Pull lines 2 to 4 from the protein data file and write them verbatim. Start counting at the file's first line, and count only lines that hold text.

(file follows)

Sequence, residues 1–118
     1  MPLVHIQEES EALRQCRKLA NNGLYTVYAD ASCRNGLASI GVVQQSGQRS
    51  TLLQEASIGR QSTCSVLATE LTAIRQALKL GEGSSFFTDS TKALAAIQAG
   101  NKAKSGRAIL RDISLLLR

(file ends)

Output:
     1  MPLVHIQEES EALRQCRKLA NNGLYTVYAD ASCRNGLASI GVVQQSGQRS
    51  TLLQEASIGR QSTCSVLATE LTAIRQALKL GEGSSFFTDS TKALAAIQAG
   101  NKAKSGRAIL RDISLLLR